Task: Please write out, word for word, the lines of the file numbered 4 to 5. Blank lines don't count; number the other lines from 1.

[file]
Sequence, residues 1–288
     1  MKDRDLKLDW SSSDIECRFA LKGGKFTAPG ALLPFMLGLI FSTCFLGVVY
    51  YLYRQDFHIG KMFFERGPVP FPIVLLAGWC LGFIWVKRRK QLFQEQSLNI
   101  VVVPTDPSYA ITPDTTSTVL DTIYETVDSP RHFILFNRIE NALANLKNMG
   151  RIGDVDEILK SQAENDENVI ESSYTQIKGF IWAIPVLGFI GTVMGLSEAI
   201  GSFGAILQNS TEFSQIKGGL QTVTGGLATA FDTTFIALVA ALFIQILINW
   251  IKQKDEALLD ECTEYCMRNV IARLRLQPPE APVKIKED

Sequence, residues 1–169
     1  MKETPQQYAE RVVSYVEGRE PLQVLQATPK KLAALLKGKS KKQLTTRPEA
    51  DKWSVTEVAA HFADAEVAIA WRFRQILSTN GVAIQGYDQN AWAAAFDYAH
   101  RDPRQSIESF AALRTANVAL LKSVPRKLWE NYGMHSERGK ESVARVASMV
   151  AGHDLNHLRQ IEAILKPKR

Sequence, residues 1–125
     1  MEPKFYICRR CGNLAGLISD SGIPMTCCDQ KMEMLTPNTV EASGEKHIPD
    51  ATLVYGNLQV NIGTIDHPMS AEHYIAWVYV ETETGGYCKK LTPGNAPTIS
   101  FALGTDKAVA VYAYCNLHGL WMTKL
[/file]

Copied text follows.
   101  VVVPTDPSYA ITPDTTSTVL DTIYETVDSP RHFILFNRIE NALANLKNMG
   151  RIGDVDEILK SQAENDENVI ESSYTQIKGF IWAIPVLGFI GTVMGLSEAI